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January 12, 2007

Just Purple

Now that I am going by the honorific, The Purple Woman, people often assume it's my favorite color. That couldn't be farther from the truth. I have had to work very hard to find a purple that I look decent in (for the book tour of course). There are many shades.

Since I lived in San Francisco, there is an inordinate amount of basic black in my wardrobe. I am definitely not a lavender gal. I like neutrals, as well as big bold splashes of color. I dress to how I want to be treated. And sometimes I just don't care.

Purple is a fun color, with many associations. Mostly, I thought that calling my blog and book Purple WomenTM
would make people curious. If someone is curious, they'll pick up a book and read a blog post. After attending my first ever blogger conference last summer, [picture at left] I changed the name to Purple Women & Friends to encourage broader audience participation.

"Friends" could be parents and they could be men, and they could be young adults on the fence about whether or not to have kids. The important thing is to think about it.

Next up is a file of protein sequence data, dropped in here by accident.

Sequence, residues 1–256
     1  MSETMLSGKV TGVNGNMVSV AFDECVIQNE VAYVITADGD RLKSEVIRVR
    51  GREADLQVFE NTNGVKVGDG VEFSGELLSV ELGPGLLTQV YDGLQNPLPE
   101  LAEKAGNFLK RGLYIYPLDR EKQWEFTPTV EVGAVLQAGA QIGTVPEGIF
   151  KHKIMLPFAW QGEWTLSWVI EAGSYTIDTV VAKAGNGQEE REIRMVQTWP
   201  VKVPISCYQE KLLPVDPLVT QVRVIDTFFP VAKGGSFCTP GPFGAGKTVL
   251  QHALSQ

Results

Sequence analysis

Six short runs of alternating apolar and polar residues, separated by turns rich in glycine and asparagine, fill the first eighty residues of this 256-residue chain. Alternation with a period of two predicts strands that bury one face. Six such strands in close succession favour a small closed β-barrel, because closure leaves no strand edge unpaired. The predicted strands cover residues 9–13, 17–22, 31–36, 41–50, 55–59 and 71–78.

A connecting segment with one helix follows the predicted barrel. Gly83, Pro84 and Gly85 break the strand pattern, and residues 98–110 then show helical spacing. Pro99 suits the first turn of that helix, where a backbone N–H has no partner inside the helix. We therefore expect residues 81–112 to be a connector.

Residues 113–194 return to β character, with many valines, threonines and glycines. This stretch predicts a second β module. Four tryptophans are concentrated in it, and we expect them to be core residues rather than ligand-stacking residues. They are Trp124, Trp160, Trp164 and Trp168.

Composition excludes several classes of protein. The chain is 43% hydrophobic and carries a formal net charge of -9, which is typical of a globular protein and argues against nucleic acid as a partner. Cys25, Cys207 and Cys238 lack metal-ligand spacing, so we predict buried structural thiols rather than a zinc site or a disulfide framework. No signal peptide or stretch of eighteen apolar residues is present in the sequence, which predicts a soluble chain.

Recently, a friend treated me to an artisan fair featuring native American works, including pottery, silver jewelry with turquoise and other semi-precious stones. I was surprised to discover a purple stone called sugalite. It's from the cradle of Africa. Simply gorgeous shades of purple stones. Some day, I plan to own a piece made with one.

I also met a painter named John Balloue. The Waxlander Gallery in Santa Fe, New Mexico features his art. It was fun to speak to the artist about his work. He reminded me that colors also represent emotions and energy. His modern pieces really capture this.

So, no, purple is not my favorite color...but it is a useful one.

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January 11, 2007